We allow people to exert some dead hand control over their property. This right to bequeath adds value to the property.
ILLUSTRATIVE WILL – PAGES 391 – 393
Is Will Valid?
If unwitnessed, handwritten will – dealing with a holographic will. May be valid, depends on jxn.
A holographic will is an unwitnessed will, handwritten and signed by the testator. Holographic wills are allowable in about 25 states. Issues arising from holographic wills include: integration of disconnected handwritten pages into a single holographic will, forgery, and belated discovery of the holograph.
Zhao v. Wong – “All Tai Wong’s à Xi, my best half. TKW 12/31/92.” CT: This cannot constitute a will, holographic or otherwise. Though no particular words are required to create a will, the document purporting to be a will must contain some indication that it is intended to convey something upon death. This “will” does not contain operative words legally sufficient to create a devise of property.
How much of the holographic will has to be in the testator’s handwriting? In some states, the entire will. If the will is written on letterhead, that causes an issue. In other states, only the material provisions of the will must be in the testator’s handwriting.
Otherwise, Were Will Formalities Met? UPC §2-502 (Page 224)
1. In Writing
2. Signed by Testator[or in the testator’s name by some other individual in the testator’s presence and at his direction] a. Signature Requirement:
b. Testators must sign their wills, but almost any imaginable signature will suffice. The requirement that the signature be at the end of the will has been eliminated from the UPC – as long as testator signs the will somewhere, the signature requirement is met under the UPC. But a “non-end” signature requires the proponent of the will prove that the testator intended to validate the will.
c. Testator may:
i. sign will themselves
ii. sign by proxy, provided proxy signs at testator’s direction and in testator’s presence
iii. have someone help them sign will themselves
iv. sign electronically, at least if in the presence of witnesses and with the intent to sign (Taylor v. Holt)
d. GA §53-4-20: (a) A testator may sign by mark or by any name that is intended to authenticate the instrument as the testator’s will.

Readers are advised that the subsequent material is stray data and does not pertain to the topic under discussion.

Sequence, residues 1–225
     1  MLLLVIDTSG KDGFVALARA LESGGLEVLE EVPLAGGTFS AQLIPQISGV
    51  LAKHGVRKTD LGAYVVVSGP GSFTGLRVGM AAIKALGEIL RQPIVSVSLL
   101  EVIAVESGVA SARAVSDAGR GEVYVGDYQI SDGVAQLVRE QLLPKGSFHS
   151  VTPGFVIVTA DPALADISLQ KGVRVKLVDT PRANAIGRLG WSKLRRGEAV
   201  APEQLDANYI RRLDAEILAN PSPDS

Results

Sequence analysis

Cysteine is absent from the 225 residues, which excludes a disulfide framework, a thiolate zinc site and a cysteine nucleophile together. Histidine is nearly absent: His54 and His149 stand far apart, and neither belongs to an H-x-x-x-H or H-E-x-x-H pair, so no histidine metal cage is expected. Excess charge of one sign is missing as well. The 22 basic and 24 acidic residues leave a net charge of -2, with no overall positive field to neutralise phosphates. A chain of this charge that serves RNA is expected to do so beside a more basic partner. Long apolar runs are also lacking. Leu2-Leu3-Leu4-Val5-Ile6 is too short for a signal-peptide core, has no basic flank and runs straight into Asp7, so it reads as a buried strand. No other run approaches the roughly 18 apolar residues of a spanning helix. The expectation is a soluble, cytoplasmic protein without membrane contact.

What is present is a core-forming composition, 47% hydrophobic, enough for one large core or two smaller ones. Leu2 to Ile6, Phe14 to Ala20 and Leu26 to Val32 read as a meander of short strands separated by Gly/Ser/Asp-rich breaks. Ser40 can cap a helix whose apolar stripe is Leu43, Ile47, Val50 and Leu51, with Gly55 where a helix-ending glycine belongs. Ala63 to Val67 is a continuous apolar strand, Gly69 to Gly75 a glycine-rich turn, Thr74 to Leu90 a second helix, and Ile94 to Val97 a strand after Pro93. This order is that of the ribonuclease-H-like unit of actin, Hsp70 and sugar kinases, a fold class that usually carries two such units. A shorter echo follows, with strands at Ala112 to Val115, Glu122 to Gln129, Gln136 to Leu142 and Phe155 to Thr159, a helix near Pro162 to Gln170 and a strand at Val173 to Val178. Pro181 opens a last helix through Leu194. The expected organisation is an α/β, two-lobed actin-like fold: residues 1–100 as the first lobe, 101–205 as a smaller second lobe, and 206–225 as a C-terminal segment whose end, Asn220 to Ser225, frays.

3. Signed by two witnesses
a. Witness (Attestation) Requirement
b. Wills must be attested (witnessed) by a minimum number of competent (or, able to testify in court) witnesses. The minimum number of required witnesses is two in most states. When deciding who to choose as witnesses, atty should choose those witnesses that will be easy to locate and able to testify at the testator’s death, as when the will is offered at probate, the proponent must call the witnesses to testify that the signatures on the will are indeed their own signatures. Furthermore, witness choices should be those that minimize conflict and facilitate probate.
c. Some statutes establish procedures to deal with unavailable witnesses (NY §1405(1) – Page 233).
d. Some statutes also impose limits on interested parties serving as witnesses: “interested witnesses” (NY §3-3.2 – Page 235)
e. GA §53-4-20/22: Must be two witnesses, competent and age 14 or over.
f. GA §53-4-23: (a) If the subscribing witness is also a beneficiary under the will, the witness shall be competent; but the testamentary gift to the witness shall be void unless there are at least two other subscribing witnesses to the will who are not beneficiaries under the will. (b) An individual may be a witness to a will by which a testamentary gift is given to that individual’s spouse.
g. GA §53-5-21: The testimony of only one witness shall be required to prove the will in solemn form if no caveat is filed.
4. Who actually witnessed the signing of the will[or the testator’s acknowledgment of that signature]
a. “Witness Presence” Requirement:
b. Morris v. West – witnesses signed the will in a room down the hall from the testator. “Conscious presence” is defined as “to be within the testator’s presence, the attestation must occur where testator, unless blind, is able to see it from his actual position at the time, or at most, from such position as slightly altered, where he has the power readily to make the alteration without assistance.” Because testator would have had to leave his chair, walk down a hall, and turn – which is more than “slightly altering” his position – formality not met. Will invalid.
c. Current trend: Legislative trend is to eliminate the witness presence requirement from required will formalities.
d. GA §53-4-20: Georgia has a line of sight test – witnesses must sign so that testator’s line of sight could see them sign.
e. Post Mortem Witness Signature: comments to UPC §2-502 suggests that a witness should be allowed to sign the will after the testator’s death, as long as the signing occurs within a “reasonable time” of testator’s will execution.
f. Attestation Clauses – boilerplate language that states that “will formalities” were satisfied and provides space for witness signature. A signed attestation clause creates a presumption that the will was validly executed. So, if a will has an attestation clause, the will may be probated even though the witnesses can no longer remember the execution, as long as the witnesses can identify their signatures on the attestation clause. Demonstrates present intent to be a witness
g. Self-Proving Affidavits – [designed to get around the issue of finding witnesses at probate time] A self-proving affidavit substitutes for witness testimony at the probate hearing; the affidavit says that the witness has performed the act of witnessing and signing the will. Documents past actions – acting as a witness
h. GA §53-4-24: Allows testator to make will before witnesses and notary public, using a self-proving affidavit.